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Remembering JNU and the university space as a "better way" of living together in India

in: Imaginations, Narratives and Mediated Performances of Solidarity and Community. Ed. by Nadja-Christina Schneider and Maitrayee Chaudhuri (2021)

Published onOct 06, 2021
Remembering JNU and the university space as a "better way" of living together in India
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I consider myself to be very emotionally attached to the campus [JNU1] – too much for my own good sometimes. And I think I have not been to a place like this before. [...] I have never been so comfortable in a place. It is very open hearted in a sense that you will see the people from across the country- which you would never had met - and from the world as well. […] The place seems very inviting. […] Whoever you are this place is going to be open for you.2

Whereas the student in the introductory quote emphasizes his personal affection for the Jawaharlal Nehru University (JNU) campus and describes the campus as a place open to all, others call for its shutdown. Following the 9th of February 2016, we saw a nationally and internationally highly regarded university being declared a threat to national security overnight, framing the university and all its members as “anti-national”. Or as the JNU professor Janaki Nair describes it, “the country was turned into a choric chamber in which the accusation of ‘anti-nationalism’ was repeatedly echoed, a pejorative attribute which attached itself to the whole JNU community”(Nair, 2016:x). The same argument can be found in the insightful article from Mohinder Singh and Rajarshi Dasgupta in which they illustrate how the name of a university was made to a generic label through being repeatedly used in a certain way in the public sphere especially since 2016 (Singh & Dasgupta, 2019).

Opposing the public discrediting of JNU, many people went on the streets to protest and publicly shared statements, claiming that JNU was misrepresented by the people in power as well as articulating solidarity with the JNU community. All these counter actions became parts of the so called “JNU resistance movement”, including protest marches, public lectures, theater, and art performances as well as the practice of sharing personal experiences from the campus. Common to all of them was that they not only performed in the physical space, but also used the digital space(s) for their own purposes. Therefore, I understand the negotiation process around the meaning of JNU (or what JNU stands for) as an ongoing multi-dimensional process, offline as well as online.

Although JNU has often been the subject of controversial debate, the polarized perceptions of the site have solidified since 2016. Starting from a supposed micro-event on the campus in February 2016, the university became the site of a pervasive and multi-dimensional process of negotiation around the narrative of the “national” vis-à-vis “anti-national” in contemporary India. The Bharatiya Janata Party (BJP), which has been in power since 2014, sees JNU as a potential threat to the nation's security. In contrast, for many academics as well as students, JNU symbolizes a place that stands for both, excellent education and an anti-establishment culture.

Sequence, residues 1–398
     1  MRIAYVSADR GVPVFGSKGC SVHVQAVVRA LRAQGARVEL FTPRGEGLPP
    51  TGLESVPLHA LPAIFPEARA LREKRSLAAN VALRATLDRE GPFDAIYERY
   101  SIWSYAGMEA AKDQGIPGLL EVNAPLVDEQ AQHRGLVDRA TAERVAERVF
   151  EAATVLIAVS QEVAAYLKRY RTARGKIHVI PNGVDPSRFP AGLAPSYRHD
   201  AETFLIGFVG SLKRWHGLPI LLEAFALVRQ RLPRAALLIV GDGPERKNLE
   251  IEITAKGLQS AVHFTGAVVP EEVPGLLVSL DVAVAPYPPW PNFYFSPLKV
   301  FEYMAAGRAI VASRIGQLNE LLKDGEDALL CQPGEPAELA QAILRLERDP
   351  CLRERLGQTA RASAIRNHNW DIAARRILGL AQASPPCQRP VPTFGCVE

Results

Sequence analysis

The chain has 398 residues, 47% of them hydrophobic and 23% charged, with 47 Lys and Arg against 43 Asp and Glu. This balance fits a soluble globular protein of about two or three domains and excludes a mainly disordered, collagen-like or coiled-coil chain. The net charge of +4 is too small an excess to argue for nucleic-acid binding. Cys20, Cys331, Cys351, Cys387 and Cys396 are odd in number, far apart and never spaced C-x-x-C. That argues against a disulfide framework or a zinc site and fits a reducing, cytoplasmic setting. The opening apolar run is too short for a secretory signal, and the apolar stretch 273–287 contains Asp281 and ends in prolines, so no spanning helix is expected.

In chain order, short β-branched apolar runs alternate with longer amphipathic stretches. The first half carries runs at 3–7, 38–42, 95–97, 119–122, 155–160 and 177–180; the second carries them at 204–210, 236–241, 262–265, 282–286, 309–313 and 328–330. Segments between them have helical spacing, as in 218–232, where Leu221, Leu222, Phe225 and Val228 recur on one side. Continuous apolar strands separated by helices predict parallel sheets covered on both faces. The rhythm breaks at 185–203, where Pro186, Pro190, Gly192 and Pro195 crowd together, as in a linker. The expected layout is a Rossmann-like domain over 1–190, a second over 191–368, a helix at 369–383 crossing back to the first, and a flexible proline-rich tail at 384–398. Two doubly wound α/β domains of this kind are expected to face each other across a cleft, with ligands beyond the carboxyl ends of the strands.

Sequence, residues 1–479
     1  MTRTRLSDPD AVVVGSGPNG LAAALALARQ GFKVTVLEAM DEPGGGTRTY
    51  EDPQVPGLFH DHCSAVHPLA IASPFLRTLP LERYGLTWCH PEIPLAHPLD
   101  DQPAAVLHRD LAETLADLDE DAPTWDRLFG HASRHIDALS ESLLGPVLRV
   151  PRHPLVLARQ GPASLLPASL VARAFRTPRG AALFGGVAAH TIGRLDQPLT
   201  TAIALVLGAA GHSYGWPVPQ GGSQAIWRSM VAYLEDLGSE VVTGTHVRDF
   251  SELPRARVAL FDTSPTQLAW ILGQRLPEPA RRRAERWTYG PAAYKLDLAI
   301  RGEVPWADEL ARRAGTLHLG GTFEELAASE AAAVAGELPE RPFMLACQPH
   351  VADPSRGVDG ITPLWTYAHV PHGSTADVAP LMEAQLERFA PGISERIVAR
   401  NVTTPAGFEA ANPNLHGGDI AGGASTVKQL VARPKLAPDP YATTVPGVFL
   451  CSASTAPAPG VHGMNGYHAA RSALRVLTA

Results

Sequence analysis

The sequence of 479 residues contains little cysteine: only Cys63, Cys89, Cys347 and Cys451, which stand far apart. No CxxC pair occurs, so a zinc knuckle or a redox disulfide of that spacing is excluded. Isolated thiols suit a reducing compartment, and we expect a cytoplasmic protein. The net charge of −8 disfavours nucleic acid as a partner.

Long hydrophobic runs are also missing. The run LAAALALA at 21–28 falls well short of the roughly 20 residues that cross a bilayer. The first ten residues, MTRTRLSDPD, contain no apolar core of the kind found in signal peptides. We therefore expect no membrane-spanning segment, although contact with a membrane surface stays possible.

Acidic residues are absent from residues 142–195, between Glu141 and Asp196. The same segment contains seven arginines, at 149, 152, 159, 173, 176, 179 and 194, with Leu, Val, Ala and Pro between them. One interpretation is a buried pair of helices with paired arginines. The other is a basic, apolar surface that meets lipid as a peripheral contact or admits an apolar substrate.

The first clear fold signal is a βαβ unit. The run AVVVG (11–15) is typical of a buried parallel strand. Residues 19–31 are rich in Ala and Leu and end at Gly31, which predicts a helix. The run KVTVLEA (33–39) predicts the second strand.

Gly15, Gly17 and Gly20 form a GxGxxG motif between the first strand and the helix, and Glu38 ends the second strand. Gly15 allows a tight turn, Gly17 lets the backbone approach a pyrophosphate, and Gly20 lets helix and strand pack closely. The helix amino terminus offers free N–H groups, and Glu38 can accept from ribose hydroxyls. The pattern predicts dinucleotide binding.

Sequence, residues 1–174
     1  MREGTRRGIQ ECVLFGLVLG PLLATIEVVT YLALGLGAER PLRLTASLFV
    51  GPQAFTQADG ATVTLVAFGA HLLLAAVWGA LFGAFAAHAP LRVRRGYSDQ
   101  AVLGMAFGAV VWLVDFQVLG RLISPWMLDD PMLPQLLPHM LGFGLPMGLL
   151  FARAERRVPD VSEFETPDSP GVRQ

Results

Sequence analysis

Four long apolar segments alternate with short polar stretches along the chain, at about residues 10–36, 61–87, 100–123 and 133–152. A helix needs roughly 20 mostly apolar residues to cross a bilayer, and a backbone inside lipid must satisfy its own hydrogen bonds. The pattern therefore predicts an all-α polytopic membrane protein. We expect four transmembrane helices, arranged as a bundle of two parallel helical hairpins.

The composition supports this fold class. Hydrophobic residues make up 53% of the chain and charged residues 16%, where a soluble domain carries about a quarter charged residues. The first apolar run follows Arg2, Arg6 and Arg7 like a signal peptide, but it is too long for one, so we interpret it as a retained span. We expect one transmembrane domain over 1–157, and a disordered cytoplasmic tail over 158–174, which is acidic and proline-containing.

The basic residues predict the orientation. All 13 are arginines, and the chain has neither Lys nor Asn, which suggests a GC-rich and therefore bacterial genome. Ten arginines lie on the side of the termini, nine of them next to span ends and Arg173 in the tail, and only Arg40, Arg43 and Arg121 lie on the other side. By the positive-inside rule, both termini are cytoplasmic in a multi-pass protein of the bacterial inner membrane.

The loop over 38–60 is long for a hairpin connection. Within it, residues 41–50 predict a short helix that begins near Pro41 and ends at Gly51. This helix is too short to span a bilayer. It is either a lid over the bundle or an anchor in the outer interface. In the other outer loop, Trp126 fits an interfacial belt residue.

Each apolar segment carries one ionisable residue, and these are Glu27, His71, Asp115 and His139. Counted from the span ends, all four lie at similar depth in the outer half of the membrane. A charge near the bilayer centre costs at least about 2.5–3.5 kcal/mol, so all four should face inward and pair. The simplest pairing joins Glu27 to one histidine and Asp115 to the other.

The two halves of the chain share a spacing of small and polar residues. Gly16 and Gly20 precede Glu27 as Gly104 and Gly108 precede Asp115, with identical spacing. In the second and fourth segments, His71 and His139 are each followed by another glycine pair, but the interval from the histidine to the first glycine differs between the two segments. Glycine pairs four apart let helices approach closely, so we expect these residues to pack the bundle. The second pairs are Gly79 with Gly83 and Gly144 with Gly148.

With the public discrediting of a university like JNU the general debate about the position of universities within Indian society intensified. Since then various universities have been marked as a threat by the government and some media outlets, and a hostility towards university staff has been massively promoted among the public (Apoorvanand, 2018:7), (John 2018:113), (Pathania, 2018:6). While the current government in India demands “national benefit” and unquestioning loyalty from universities, various members of the academic field continue to emphasize the importance of independent questioning and critical thinking. In this context, academics such as Apoorvanand (2018), Bhattacharya (2019), Pathania (2018) and Azad, Nair, Singh & Roy (2016) have published various anthologies dealing with the idea of the university. In almost all the introductions of the various publications, the idea of JNU is named as an ideal to strive for. JNU in this context is seen as a place that has/had the potential or resources to be a space where everyone could find their own place/freedom based on their individual needs.

JNU, which was opened in 1969 with the claim to be “truly 'Indian', 'relevant' and 'excellent'“(Kidwai, 2017), had very different pedagogic practices to other traditional universities since the very beginning. Very low tuition fees, a well-thought-out quota system, interdisciplinary teaching, a largely informal faculty-student relationship, and the deliberate mixing of students from different social backgrounds were to create a unique space in which young people would find the confidence to break with societal norms and overcome social barriers. Therefore, a university like JNU functions as both a “center for knowledge creation” as well as a “catalyzer of social mobility” (Apoorvanand, 2018:2-3). Apoorvanand describes JNU as followed:

Till 2014, it was a dream for young people aspiring for higher studies to get into JNU. The university had evolved an inclusive admission policy which enabled students from different kinds of deprivations to find a place there. Its campus culture was also seen as more egalitarian, with more occasions for girls and boys to mingle, for students from the scheduled castes and tribes to feel equal to the so-called upper-caste students. (…) JNU then, was an ideal destination for both students and teachers. Academic institutions saw it as a mode to emulate. But all this changed after 2014.(Apoorvanand, 2018:8)